B.H. Haggin in conversation with Patricia Marx – American Portrait – May 1965 – Gordon Skene Sound Collection –
B.H. Haggin is a name that unless you were a record collector in the 1950s and 1960s, did not venture beyond Classical Music and were also an Opera fan you most likely have no idea who he was.
For the record; B.H. Haggin was considered one of the foremost American music critics of his day starting in 1923, who wrote several books on the subject and was also considered something of an expert on the career of the conductor Arturo Toscanini.
His reviews sparked controversy, outrage and occasionally adoration. He was from a school that didn’t flinch when being absolutely brutal, yet also showered praise where it was needed. He was part of that small coterie of critics whose word was considered gospel and who could also, without too much effort, make or break careers. And rather than seeking approval and peer friendship (by pretending to be “one of the guys”), critics of Haggin’s caliber were often considered the “last word” on something and really didn’t much care what the reader thought.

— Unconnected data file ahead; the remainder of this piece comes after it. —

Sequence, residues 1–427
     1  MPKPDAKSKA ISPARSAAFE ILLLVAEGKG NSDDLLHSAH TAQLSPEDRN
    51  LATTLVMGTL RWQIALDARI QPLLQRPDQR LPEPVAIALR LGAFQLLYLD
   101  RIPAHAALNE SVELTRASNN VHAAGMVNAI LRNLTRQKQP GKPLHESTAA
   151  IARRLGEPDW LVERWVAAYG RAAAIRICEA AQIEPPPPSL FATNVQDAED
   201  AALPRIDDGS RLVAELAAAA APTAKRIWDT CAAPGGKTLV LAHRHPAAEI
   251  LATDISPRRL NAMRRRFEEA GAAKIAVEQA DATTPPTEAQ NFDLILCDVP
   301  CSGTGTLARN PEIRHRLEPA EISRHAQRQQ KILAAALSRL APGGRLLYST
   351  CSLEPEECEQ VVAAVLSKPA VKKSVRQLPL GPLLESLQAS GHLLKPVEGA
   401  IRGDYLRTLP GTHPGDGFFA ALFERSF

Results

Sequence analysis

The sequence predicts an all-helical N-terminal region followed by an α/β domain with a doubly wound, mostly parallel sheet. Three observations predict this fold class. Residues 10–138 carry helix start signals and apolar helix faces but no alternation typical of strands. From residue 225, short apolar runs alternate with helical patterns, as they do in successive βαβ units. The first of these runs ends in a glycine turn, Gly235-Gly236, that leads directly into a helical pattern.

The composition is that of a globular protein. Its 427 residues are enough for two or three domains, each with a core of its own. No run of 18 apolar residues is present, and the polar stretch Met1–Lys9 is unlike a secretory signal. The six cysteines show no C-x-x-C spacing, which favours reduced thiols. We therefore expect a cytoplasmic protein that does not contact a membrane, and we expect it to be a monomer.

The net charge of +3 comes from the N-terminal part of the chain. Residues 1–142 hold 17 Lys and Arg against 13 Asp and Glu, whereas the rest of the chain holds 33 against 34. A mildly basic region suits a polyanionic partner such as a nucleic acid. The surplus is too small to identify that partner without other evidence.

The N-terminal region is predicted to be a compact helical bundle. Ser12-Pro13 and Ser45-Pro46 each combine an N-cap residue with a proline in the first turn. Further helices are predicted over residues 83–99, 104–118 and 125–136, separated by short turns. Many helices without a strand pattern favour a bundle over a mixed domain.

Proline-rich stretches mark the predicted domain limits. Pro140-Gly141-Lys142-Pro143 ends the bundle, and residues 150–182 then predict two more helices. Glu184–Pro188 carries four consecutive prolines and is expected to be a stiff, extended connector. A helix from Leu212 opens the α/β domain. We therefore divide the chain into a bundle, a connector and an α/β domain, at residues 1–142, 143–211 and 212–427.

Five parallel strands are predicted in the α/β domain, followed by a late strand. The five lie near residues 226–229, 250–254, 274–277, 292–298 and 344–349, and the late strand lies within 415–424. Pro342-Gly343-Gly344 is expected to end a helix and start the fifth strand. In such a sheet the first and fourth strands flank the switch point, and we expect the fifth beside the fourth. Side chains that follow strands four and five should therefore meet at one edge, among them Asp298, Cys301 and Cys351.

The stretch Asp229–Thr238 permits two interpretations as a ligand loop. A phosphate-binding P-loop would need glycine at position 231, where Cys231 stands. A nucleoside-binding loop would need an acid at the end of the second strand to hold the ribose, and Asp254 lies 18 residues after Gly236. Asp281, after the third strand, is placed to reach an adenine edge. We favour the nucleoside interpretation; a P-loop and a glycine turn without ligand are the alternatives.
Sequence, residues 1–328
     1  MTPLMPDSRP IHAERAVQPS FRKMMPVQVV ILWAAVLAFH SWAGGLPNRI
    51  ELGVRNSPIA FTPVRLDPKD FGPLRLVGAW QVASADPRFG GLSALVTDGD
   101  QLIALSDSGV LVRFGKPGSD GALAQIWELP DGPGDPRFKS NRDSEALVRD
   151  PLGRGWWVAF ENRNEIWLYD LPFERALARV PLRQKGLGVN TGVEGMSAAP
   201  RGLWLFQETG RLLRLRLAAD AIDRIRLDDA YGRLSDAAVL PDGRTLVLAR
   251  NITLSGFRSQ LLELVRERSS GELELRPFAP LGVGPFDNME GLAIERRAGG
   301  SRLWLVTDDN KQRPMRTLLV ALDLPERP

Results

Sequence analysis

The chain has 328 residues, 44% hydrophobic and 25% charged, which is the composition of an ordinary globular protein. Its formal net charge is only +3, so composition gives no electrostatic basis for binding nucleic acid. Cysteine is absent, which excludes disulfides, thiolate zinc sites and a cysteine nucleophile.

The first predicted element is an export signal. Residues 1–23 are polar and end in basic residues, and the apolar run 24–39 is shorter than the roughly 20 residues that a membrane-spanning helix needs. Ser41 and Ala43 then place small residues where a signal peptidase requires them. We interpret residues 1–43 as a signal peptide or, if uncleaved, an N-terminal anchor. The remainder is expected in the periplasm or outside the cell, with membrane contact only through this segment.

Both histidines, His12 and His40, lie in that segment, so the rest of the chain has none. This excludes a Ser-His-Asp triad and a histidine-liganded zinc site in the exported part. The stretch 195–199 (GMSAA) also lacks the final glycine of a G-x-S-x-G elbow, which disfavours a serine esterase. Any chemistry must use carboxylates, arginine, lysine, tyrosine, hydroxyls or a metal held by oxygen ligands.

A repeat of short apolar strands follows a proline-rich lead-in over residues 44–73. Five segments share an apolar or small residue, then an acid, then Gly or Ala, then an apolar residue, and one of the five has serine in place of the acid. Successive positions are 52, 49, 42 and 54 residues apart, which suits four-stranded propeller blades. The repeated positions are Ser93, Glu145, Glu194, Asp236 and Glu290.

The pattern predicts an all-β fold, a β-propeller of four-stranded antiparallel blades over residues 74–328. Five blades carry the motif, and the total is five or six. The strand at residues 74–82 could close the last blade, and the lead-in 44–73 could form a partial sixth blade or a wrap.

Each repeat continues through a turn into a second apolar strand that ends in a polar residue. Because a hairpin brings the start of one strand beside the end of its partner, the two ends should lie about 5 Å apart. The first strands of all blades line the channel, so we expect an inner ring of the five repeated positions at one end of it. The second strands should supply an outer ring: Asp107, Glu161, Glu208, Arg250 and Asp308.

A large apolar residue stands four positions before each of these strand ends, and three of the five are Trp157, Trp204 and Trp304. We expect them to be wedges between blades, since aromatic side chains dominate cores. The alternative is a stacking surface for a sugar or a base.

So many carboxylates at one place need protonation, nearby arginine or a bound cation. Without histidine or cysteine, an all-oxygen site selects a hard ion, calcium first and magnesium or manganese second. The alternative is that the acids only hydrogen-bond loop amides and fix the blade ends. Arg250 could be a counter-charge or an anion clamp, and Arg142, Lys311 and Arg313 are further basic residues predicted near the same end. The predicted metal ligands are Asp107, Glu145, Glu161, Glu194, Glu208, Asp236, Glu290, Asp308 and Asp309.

Needless to say, they were rather feared by Artists and managers – and no amount of placating was going to change any minds once the typing got started. There were also rumors of axes to grind – sleights and personal affronts turned into vendettas and verbal assaults by the offended critic, no matter how petty they seemed to the reader or the people involved.
That was the state of Music Criticism as it was in the 1940’s through to the mid-1960s.
This interview of B.H. Haggin was conducted by Patricia Marx of WNYC and the syndicated radio series “American Portrait” in 1965.
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